To ensure that you have enough energy during an event, eat at least two to three hours before you start out. Avoid eating heavy meals just before or during the ride, since digestion will interfere with the necessary flow of blood to the major muscles of the legs, the quadriceps.
During the race, opt for snacks that are easily digestible. I recommend Saquito Mix, since it is completely natural, contains plant-based protein, and avoids the sugary binders found in most energy bars. Honey-based products or real fruit rolls are also good since they slowly release sugar into the blood stream. Former pro-cyclist assistant Amanda Reed recommends preparing a snack of boiled potatoes, olive oil, salt, and Parmesan. The recipe offers a mixture of electrolytes, carbohydrates, and easily digestible protein.
You’ll find many energy bars and sports drinks on the market. Take the time to read labels, familiarize yourself with ingredients, and experiment with different products and recipes while you are training, so you’ll know what works for you by the time you take part in a race.
Make Time for Recovery
Rest days are periods you take off from working out, also known as recovery days. Rest days can also include stretching and massage or lighter activity, known as active recovery. Both recovery and active recovery days should be scheduled into your routine.
Active recovery starts the moment you get off the bike. Eat a protein-based meal or drink a protein shake as soon as possible. That evening, take a warm bath with Epsom salts and get into bed early. If you take a few days off after an event but are desperate to get back in the saddle, opt for an easy ride and cycle to your favorite coffee shop or restaurant. If you want to avoid the bike, try a restorative yoga class or do some stretching at home.
Massage & Stretching
Manual therapy or massage is one of the foundations of active recovery and can help prevent or heal injury. Manual therapist Tyson Dimmitt, owner of Fulcrum Bodywork in Fairfield, says that every time you get on your bike, you are essentially getting into a mold. To counterbalance the fixed positions required during cycling, stretching is crucial. The forwardly flexed position while riding strengthens but also shortens the hip flexors and psoas muscles, which pull the pelvis forward and can result in lower back pain. (See Tyson Dimmitt’s recommended post-ride stretches.)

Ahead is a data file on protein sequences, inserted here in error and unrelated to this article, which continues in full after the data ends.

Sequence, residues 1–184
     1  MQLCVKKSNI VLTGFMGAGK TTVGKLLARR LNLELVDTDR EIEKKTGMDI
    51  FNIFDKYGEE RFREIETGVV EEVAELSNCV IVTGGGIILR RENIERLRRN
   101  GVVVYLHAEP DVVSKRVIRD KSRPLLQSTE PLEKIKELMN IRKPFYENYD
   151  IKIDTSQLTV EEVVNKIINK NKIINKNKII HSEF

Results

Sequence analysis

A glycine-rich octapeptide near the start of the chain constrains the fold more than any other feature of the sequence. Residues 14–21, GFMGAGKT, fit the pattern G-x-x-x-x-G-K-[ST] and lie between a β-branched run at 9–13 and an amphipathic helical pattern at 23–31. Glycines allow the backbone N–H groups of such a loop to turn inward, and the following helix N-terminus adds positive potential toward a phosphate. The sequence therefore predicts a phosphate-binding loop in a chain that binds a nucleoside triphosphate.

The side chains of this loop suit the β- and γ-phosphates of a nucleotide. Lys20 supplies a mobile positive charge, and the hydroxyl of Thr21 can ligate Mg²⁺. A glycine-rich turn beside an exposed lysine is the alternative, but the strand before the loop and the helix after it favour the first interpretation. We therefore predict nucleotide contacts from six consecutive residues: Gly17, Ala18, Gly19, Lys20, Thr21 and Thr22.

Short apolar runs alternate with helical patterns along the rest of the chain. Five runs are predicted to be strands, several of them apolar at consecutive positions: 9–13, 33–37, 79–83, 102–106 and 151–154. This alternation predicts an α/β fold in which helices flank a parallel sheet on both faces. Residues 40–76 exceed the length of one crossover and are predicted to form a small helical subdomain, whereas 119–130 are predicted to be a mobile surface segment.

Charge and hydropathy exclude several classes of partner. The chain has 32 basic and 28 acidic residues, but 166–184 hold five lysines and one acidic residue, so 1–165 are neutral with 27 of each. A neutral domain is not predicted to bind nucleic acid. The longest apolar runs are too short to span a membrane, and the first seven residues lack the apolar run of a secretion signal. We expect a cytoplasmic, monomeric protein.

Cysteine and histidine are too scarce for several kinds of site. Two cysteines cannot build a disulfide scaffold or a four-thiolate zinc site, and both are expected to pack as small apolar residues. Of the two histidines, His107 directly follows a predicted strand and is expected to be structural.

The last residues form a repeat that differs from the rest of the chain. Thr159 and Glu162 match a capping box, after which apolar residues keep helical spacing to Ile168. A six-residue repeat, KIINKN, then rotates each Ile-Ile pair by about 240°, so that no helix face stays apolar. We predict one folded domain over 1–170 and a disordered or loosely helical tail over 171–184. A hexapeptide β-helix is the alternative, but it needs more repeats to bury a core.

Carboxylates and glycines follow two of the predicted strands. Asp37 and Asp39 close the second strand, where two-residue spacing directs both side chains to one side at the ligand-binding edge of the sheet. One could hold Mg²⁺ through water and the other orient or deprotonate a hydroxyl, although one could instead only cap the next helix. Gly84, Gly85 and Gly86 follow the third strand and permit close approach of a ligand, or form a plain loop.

Going for a massage is not always an option, so self-massage is a wonderful alternative. Start at the extremities and move towards the heart. Using a foam roller to roll out the quadriceps is another effective way to flush out the muscle tissue, increase circulation, and spur recovery.
Tyson Dimmitt demonstrates using a foam roller to flush out muscle tissues. (Photo by Tanell Pretorius)
If you are more of a recreational rider, all of the same principles apply, simply to a lesser degree. But no matter what your level, take recovery and nutrition into consideration to extend the life of your riding career and reach greater fitness goals than you could ever have dreamed. By making these tips part of my life, I surpassed my injury and feel stronger than I ever thought possible.
Tanell Pretorius is an Ayurvedic Wellness Consultant, Yoga Teacher, and Crossfit L1 Trainer. She has worked as a fashion and fitness model in various countries around the world.